‘However, I never truly believed I was good enough for the Pompey team at that time.
‘I could make good runs as a striker, but defenders were so much better at that standard, reading what I was going to do. Then there was the consistency. Sometimes you’d play against a defender and they would slip, or misread your run, or misread a pass, then you’re in. They never do that in League Two.
‘That was my third season of playing up front. I was never taught how to be a striker, there wasn’t any positional coaching before I arrived at Pompey, I just made it up.
‘You think about it, most strikers have had 10-12 years of learning how to play up front, what runs to make, how to hold the ball up. I’d never even experienced a goal drought, I once scored three hat-tricks in a week for Burnham!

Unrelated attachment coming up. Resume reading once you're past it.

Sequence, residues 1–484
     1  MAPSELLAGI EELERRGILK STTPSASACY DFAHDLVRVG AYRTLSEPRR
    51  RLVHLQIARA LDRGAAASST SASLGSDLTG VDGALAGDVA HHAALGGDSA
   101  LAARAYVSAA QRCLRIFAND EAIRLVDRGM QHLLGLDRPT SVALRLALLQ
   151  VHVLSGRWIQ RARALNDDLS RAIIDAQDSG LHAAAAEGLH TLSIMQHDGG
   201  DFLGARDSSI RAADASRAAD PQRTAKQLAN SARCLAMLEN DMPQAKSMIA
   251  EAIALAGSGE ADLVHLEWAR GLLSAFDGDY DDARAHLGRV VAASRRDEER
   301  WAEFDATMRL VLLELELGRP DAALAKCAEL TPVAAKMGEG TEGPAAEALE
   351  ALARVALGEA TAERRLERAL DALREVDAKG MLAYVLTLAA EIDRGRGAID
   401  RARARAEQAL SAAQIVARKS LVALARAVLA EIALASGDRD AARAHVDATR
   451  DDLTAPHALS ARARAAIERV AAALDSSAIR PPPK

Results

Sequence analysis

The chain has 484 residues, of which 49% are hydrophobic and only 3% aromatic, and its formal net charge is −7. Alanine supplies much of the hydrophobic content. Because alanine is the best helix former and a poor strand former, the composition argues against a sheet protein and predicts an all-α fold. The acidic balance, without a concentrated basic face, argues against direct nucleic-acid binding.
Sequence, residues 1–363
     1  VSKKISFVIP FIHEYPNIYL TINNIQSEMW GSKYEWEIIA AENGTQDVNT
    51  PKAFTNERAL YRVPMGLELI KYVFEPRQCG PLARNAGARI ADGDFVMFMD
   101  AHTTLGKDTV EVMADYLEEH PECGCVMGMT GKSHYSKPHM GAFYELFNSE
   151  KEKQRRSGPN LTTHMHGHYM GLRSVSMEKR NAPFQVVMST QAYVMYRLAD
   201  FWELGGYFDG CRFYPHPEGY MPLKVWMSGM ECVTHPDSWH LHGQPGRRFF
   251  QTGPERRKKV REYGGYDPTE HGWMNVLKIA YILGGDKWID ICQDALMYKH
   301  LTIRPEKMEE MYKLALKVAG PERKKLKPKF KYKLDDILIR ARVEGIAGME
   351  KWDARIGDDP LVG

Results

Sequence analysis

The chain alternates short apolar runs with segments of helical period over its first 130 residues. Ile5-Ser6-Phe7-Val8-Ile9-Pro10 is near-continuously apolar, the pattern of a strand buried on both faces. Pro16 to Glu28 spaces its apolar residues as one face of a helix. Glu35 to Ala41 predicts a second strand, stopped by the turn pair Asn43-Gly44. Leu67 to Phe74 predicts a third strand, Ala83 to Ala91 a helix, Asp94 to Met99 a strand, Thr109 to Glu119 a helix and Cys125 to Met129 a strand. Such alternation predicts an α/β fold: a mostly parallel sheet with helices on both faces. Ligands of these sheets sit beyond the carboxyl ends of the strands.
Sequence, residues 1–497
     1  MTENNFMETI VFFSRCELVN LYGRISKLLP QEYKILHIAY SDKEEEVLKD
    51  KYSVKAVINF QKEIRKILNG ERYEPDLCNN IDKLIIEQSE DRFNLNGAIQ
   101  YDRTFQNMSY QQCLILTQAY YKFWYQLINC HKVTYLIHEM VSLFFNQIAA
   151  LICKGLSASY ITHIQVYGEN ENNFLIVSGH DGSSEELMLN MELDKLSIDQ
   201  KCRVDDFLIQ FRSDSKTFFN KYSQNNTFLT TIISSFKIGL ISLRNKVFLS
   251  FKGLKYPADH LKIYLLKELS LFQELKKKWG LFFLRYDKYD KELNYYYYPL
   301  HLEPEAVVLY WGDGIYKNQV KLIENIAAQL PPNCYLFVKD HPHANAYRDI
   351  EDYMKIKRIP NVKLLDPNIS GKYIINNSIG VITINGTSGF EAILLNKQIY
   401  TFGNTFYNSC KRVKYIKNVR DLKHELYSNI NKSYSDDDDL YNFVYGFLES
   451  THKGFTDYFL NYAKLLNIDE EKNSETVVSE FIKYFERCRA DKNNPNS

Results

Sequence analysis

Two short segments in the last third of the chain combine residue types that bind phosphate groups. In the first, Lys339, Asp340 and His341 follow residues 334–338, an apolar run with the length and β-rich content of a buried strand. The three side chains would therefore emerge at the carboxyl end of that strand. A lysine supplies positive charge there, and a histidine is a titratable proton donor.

‘Yet I wasn’t sharp enough or experienced enough at that level. Pompey wanted to go straight back up – and I don’t think I was the person to help them do that.
‘They took a punt on me hoping I would score loads of goals, yet it wasn’t to be.
‘I always thought that if it didn’t work out that season, I could go back to working as an electrician and playing in non-league, which I eventually did in July 2017 when I signed for Dover.
‘I know a lot of people who would have turned down going into the professional game because you can make a really, really good financial career out of working full-time and playing in the Conference South.
‘If people did that for 10 years, you would be laughing, it would pay more than most League Two clubs and some League One clubs.